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Lancaster University hosted an ‘Education, Employability, Empowerment’ (EEE) summit on November 8th to November 10th. A number of high-profile speakers, including the former Prime Minister of Poland, were in attendance, addressing issues around the importance of education while discussing what can be achieved through it.
The three-day summit involved a mix of talks, presentations, workshops and a careers fair, as well as an extensive entertainment programme including an official party. The agenda addressed the political process of education reform, the role of government, comparisons across Europe, student’s employability prospects, building a civil society through education and how schools may reinforce the gender divide in performance and participation.
The opening integration event took place on the evening of November 8th, and the summit got fully underway on the Saturday with a complete day of events and an official banquet and party in the evening. Sunday saw further talks in the morning before workshops and a closing entertainment event.
Around 200 students from Universities across the UK, including University of Oxford, LSE, UCL, University of St Andrews and Lancaster University attended the EEE summit, as well as a number of academic staff. Their ticket guaranteed entry to all events, giving them a chance to see a mix of politicians, social activists, business-people and economists coming together to discuss their ideas and engage with students across two days.
A number of high-profile, influential speakers were in attendance. Kazimierz Marcinkiewicz, former Prime Minister of Poland and caretaker President of Warsaw, addressed the complexities of the political reform. Professor Zbigniew Pelczynski, emeritus fellow of Pembroke College, Oxford who includes Bill Clinton in his list of students and has also advised the European Economic Union and the OECD on government reforms, asked how education can create leaders for the twenty-first century. Furthermore, Professor Edward Truch, Professor of Management Science at Lancaster University, founder of the Henley Knowledge Management Research Institute and former political advisor to UK and Polish governments, including Tony Blair’s, discussed the future of work and the implications for education.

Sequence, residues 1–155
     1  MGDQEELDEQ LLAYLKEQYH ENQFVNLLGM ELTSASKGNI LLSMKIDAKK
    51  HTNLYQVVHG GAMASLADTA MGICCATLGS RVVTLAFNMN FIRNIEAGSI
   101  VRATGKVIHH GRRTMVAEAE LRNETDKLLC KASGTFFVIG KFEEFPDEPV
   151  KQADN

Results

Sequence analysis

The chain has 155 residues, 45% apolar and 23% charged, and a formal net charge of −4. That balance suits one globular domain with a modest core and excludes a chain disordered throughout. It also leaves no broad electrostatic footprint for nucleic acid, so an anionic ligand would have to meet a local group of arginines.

Other speakers included the Vice-Minister for Labour and Social Policy in Poland, women’s rights activists, a columnist for the leading Polish newspaper, Chancellor of Kozminski University in Warsaw, an Oxford University Professor and co-founder and President of the King’s Foundation, a charity offering services to young people.
The EEE summit has been organised by the Lancaster University Polish Society, Edinburgh University Polish Society, Lancaster University Economics Society and LUSU. The main organiser is Ksawery Lisiński, President of the Lancaster University Polish Society, who says he was inspired by similar events elsewhere: “I was attending a similar conference at LSE done by their Polish Society and I just wanted to follow their example” Lisiński said.
Speaking to SCAN, Lisiński was very clear about the importance of the summit. “It shows that Lancaster University thinks globally – the
summit will be attended by politicians and activists from Eastern Europe but it will also include workshops and speeches about self-development and leadership. It shows Lancaster is serious about helping students reach their higher potential and help them get experience that will improve their student experience. I think that meeting the former Prime Minister of Poland is of great importance for anyone studying politics.
“Since we have many students coming from outside Lancaster [i.e. from other universities] I hope we will make new bonds, friends and contacts. On top of that this summit is a co-operated project of several societies across our campus. Therefore I hope we will learn how to cooperate in the future and make more joint-events.”
Lisiński also noted the importance of LUSU in bringing the summit about. “I am very grateful to LUSU Involve and Joe Bourne [Innovation and Development Manager at LUSU] for giving us full support, help and motivation to do this project. He gave us advice, shared his experiences [and] pointed out what needed to be done. He was sort of a guide. He also negotiated on our behalf with the University to get the funding, helped us promote the event, put us in touch with useful people”.
The idea for a summit was first conceived by Lisiński back in April, with the hardest part of the process getting the speakers in. “We spent a lot of time researching – we made useful contacts with the Polish Society at Oxford – their president helped us get the contact for the former Prime Minister; in other cases it usually involved calling the newspapers in which other speakers worked, or companies they were associated with. We were constantly being re-directed to different offices until we got the right person. It required patience and resolve, but we had plenty of that.”